By Deborah O’Rell It’s hard to know what this woman is better known for: being the originator of ‘bloomers’ or her political activism for women’s suffrage and temperance or the recommended list of feminist books.
Every year the Amelia Bloomer Project, which is part of the Feminist Task Force of the Social Responsibilities Roundtable of the American Library Association, offers their recommendations for Young Adult books with a strong feminist message or character. Two of the more popular recommendations on the list this year are The Good Girls Revolt: How the Women of Newsweek Sued their Bosses and Changed the Workplace by Lynn Povich. This is the story how she and 46 other women sued Newsweek for sex discrimination. She later became Editor. And I am Malala: The Girl Who Stood Up For Education and Was Shot by the Taliban by Malala Yousafzai with Christina Lamb. If you haven’t heard of it, the title tells it all. Remarkable young woman.
Amelia Jenks Bloomer, for whom the Feminist project was named, was a publisher, journalist, fashion designer and women’s rights activist.
Born in 1818, Amelia had just barely enough of an education to become a teacher in her teens. She later became a governess where she met and married Dexter Bloomer, in 1840, an editor and owner of a local newspaper, the Seneca Falls County Courier. She began writing articles on temperance and women’s rights for her husband’s newspaper. She was also very vocal about reforming women’s clothes, to afford them more freedom of movement.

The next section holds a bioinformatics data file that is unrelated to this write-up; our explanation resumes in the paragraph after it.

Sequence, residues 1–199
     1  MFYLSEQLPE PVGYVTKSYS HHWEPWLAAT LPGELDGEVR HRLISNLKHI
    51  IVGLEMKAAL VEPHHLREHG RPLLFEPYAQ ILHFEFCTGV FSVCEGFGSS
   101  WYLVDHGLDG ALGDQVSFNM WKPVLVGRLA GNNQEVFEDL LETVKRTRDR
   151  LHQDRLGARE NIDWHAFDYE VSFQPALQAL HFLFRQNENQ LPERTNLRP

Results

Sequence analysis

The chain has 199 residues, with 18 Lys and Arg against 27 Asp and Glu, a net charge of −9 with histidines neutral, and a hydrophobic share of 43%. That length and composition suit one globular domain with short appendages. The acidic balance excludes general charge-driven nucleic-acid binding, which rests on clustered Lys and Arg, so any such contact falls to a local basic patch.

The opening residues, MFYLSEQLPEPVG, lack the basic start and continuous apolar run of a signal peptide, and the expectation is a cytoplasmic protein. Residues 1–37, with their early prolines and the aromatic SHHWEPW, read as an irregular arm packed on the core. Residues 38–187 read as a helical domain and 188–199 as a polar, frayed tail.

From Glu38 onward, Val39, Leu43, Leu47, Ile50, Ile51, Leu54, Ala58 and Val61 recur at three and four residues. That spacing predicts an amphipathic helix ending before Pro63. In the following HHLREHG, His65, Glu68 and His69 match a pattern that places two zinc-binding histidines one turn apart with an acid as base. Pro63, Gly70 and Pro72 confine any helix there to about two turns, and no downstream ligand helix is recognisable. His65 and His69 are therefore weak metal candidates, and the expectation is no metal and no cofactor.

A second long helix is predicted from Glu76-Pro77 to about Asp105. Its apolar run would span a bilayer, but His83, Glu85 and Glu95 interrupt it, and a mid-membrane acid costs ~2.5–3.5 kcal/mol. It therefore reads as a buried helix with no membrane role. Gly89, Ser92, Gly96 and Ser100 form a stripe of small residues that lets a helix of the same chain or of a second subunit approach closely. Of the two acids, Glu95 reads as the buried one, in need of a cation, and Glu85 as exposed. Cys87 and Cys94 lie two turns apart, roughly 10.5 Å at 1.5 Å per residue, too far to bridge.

In 1848, she attended the First Women’s Rights Convention in Seneca Falls. This event inspired her to create The Lily, a temperance newspaper. In describing her mission she said, “It is woman that speaks through The Lily. It is upon an important subject, too, that she comes before the public to be heard. Intemperance is the great foe to her peace and happiness.”
It was her neighbor, Elizabeth Cady Stanton, who encouraged her to tackle the more important subject concerning women such as suffrage and advocating for more comfortable, less restricting clothing. Her outfit, which became known as ‘bloomers’, was a blouse and knee-length skirt with shorts underneath. Bloomer later stated, “As soon as it became known that I was wearing the new dress, letters came pouring in upon me by the hundreds from women all over the country making inquiries about the dress and asking for patterns—showing how ready and anxious women were to throw off the burden of long, heavy skirts.”
She moved to Ohio in 1853 and continued her writing and advocacy. She is credited with getting women the right to vote in that state in 1873.